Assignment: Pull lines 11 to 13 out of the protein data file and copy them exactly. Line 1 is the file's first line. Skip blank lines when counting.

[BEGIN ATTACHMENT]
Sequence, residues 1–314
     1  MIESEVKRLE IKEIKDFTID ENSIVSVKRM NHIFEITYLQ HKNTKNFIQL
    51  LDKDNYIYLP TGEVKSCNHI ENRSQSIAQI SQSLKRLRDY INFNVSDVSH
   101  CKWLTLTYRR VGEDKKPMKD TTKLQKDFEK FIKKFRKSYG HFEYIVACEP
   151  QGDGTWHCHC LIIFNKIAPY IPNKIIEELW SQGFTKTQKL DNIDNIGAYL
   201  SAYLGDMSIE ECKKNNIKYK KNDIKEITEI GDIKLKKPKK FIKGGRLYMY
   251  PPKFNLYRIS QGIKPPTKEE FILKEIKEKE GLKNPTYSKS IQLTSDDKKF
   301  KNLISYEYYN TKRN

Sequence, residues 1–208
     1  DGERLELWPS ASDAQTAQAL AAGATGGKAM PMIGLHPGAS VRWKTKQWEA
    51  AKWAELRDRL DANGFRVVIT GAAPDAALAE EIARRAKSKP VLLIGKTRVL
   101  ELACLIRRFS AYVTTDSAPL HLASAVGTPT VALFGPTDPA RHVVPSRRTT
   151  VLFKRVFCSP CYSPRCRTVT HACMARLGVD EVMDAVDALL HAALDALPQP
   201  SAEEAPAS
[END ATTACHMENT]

    51  AKWAELRDRL DANGFRVVIT GAAPDAALAE EIARRAKSKP VLLIGKTRVL
   101  ELACLIRRFS AYVTTDSAPL HLASAVGTPT VALFGPTDPA RHVVPSRRTT
   151  VLFKRVFCSP CYSPRCRTVT HACMARLGVD EVMDAVDALL HAALDALPQP